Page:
Five alternative and random feel-good holiday movies
By Sarah Lotz
Posted on December 5, 2014 in Film, Hodderscape Advent with tags Sarah Lotz
The festive season tends be family time, and choosing a movie for the whole family to watch after they’ve stuffed their faces can be a nightmare. After all, there’s only so many times anyone can watch Frozen, It’s a Wonderful Life and Love, Actually before longing for an apocalypse to destroy the world. With this in mind, I’ve compiled an alternative list of less saccharine, entertaining and only slightly dodgy films to watch while your cousins finish all your booze and your brother’s kids wreck the house.
Little Shop of Horrors
Pulpy, retro-styled do-wop fun with Rick Moranis as a lovesick flower shop clerk who falls under the spell of Audrey II, a bloodthirsty man-and-woman-eating giant plant. Steve Martin chews the scenery and steals every scene he’s in as a masochistic, gas-sniffing dentist.
Is this John Waters black comedy strictly a feel-good movie? Or even suitable for the whole family? Absolutely not. But Kathleen Turner is pitch perfect as the sympathetically sociopathic suburban mom who slices and dices her way through her non-recycling and po-faced neighbours. Worth it just to see Turner make the words ‘pussy willow’ sound filthy.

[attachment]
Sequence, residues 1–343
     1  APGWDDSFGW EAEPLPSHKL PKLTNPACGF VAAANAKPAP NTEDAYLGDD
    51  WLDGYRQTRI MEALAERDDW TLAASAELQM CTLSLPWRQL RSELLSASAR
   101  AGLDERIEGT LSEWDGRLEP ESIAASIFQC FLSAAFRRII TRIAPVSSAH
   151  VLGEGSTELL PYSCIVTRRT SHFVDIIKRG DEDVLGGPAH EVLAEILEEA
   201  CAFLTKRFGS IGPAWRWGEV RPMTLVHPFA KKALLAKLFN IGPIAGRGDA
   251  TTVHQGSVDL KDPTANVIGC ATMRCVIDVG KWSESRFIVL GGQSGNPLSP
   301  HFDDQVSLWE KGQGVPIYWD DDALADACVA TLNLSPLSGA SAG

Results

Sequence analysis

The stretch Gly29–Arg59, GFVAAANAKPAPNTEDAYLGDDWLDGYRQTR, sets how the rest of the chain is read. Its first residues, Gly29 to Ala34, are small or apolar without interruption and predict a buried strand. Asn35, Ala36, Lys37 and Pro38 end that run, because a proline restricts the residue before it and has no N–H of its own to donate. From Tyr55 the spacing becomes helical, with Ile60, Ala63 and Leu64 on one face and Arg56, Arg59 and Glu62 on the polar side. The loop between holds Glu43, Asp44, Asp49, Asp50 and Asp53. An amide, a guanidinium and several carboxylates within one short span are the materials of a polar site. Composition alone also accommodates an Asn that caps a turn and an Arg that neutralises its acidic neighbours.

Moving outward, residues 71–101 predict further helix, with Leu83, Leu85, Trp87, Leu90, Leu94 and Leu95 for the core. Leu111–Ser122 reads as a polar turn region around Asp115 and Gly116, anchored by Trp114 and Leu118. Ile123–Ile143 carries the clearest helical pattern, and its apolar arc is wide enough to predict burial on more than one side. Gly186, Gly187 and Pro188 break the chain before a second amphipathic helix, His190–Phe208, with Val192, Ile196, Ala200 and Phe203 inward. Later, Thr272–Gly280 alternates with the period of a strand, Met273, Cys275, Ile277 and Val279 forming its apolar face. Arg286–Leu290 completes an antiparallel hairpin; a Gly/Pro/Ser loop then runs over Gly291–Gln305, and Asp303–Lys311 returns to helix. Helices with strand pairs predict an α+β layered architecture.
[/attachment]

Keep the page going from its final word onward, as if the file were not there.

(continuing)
Harold and Maude
Close to flawless love story about a death-obsessed couple – he’s in his twenties; she’s 79. Sweet, dark and very funny. Probably not suitable for kids, but I’m yet to meet anyone sane who doesn’t love this one.
The Muppet Christmas Carol
My favourite version of A Christmas Carol. It’s got everything: Michael Caine as Scrooge, Kermit as Bob Cratchit, and a bunch of singing vegetables. I love the lyrics in the opening number: ‘There goes Mr Humbug, there goes Mr Grim, if they gave a prize for being mean, the winner would be him.’
The Man with Two Brains
Nothing screams ‘feel-good family viewing’ more than a ridiculous film about a scientist who falls in love with a brain in a jar. A Steve Martin/Kathleen Turner classic, it contains this timeless piece of dialogue: ‘Were you out on the lake today kissing your brain?’